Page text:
The PEN Ten is PEN America’s weekly interview series. This week we speak to Mychal Denzel Smith, author of Invisible Man, Got the Whole World Watching: A Young Black Man’s Education (Nation Books, 2016).

1. How does your identity shape your writing? Is there such a thing as “the writer’s identity”?
There are so many different parts that compose an identity; being a writer is among mine. What I think the question is attempting to get at is what effect those things we mark as identity—gender, race, sexuality—have on my writing. I have never not been black. I am a man, after spending many years as a boy, and because I am the same gender as I was assigned at birth, I am cis. My sexuality is most neatly understood as heterosexual, though the term irons out any experiences and desires that aren’t readily identifiable as heterosexual. Much of my writing is an interrogation of these identities and the systems that create their distinctions. I am not a writer above or separate from these things. I am not a writer who just so happens to be black. I am black, cis, male, hetero, a writer, a brother, a son, a friend, a partner, a mentor, a mentee, an activist, a reader, a millennial, a sneakerhead, and many other things all at once. Each part of my identity informs the other parts. No writer shuns identity; “the writer’s identity” is only that which they choose to bring to the fore.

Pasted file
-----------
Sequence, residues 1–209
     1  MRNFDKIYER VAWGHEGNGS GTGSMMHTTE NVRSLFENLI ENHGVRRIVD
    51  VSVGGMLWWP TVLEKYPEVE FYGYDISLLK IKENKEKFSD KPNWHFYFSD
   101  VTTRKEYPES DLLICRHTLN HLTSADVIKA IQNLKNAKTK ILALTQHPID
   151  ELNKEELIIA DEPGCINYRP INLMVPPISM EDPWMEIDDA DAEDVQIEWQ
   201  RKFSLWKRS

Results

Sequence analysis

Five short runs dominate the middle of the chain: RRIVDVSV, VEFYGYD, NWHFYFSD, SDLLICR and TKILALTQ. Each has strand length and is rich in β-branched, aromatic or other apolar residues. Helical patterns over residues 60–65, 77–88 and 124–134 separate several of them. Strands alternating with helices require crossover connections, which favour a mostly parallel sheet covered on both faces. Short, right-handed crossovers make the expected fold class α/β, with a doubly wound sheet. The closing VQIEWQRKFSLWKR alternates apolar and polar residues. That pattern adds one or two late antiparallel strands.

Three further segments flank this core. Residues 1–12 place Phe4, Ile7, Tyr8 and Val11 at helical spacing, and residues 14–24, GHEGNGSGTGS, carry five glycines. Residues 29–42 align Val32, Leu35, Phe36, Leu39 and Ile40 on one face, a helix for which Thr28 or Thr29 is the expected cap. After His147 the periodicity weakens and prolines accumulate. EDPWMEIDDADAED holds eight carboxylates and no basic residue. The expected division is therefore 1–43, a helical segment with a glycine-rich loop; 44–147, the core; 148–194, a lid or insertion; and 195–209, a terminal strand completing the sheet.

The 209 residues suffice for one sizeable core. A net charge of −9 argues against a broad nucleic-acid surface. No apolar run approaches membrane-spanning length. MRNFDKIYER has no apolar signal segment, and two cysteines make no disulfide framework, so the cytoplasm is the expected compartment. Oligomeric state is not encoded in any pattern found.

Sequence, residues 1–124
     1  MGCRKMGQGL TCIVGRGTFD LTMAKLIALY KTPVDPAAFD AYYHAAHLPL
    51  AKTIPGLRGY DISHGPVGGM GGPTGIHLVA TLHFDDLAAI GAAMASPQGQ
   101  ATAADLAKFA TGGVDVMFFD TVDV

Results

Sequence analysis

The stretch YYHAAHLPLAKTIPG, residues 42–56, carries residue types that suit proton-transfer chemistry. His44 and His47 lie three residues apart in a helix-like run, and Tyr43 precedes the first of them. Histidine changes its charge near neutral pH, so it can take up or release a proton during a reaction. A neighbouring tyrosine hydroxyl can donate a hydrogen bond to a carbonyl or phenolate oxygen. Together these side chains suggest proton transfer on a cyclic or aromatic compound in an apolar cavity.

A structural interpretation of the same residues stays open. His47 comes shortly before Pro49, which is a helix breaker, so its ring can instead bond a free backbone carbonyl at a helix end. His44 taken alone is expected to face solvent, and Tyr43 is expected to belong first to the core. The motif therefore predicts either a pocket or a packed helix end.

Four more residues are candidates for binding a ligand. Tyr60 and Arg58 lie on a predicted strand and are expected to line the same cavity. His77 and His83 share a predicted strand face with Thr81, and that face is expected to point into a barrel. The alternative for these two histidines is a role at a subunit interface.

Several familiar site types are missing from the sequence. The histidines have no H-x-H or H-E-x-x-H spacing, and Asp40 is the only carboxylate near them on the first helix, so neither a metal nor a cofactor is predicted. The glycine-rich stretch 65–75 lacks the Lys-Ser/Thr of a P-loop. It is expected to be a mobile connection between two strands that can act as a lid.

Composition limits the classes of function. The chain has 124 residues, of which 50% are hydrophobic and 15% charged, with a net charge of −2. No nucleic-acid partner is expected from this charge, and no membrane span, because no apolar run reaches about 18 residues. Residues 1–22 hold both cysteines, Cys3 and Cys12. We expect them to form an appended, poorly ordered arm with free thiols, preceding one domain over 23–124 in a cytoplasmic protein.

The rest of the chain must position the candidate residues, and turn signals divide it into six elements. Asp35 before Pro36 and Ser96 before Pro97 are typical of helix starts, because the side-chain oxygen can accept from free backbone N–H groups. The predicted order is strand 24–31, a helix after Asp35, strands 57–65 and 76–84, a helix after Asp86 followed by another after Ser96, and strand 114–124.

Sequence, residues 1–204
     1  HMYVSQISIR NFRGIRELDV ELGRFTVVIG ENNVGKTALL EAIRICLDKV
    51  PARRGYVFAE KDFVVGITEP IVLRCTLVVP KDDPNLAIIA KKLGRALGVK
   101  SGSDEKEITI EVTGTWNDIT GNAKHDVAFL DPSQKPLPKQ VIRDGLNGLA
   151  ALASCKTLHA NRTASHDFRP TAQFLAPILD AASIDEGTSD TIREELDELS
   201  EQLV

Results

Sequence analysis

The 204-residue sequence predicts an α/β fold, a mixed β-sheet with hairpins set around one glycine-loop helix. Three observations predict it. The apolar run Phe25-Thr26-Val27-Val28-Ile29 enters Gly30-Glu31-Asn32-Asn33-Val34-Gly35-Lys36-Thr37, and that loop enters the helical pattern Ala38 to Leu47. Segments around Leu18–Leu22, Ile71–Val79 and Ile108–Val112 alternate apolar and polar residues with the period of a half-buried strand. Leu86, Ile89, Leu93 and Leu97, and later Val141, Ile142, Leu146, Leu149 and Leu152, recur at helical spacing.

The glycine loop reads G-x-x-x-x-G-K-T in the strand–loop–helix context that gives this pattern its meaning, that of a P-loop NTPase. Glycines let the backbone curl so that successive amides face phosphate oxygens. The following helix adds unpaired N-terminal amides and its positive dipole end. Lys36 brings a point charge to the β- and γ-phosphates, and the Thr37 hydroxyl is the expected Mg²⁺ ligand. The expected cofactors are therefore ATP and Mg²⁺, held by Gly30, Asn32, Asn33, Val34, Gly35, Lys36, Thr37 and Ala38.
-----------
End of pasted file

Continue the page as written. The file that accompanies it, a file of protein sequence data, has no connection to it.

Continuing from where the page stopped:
2. In an era of “alternative facts” and “fake news,” how does your writing navigate truth? And what is the relationship between truth and fiction?
Pardon me as I become “that guy who quotes Foucault,” but what he said here is, I think, useful: “‘Truth’ is to be understood as a system of ordered procedures for the production, regulation, distribution, circulation, and operation of statements. ‘Truth’ is linked in a circular relation with systems of power that produce and sustain it, and to effects of power which it induces and which extend it—a ‘regime’ of truth.” I know that fantasizing about the bygone days of an unencumbered truth can be soothing, but that is pure fantasy. The terms “alternative facts” and “fake news” may be new to us, but what is the grand narrative of U.S. history except a series of “alternative facts”? That is not by accident. It is, as Foucault notes, through “the production, regulation, distribution, circulation, and operation of statements” meant to function as “truth.” Truth is only that which we believe, and what we are compelled to believe is based on our relationship to power. To the question, my work navigates truth by understanding it as a struggle to reshape power.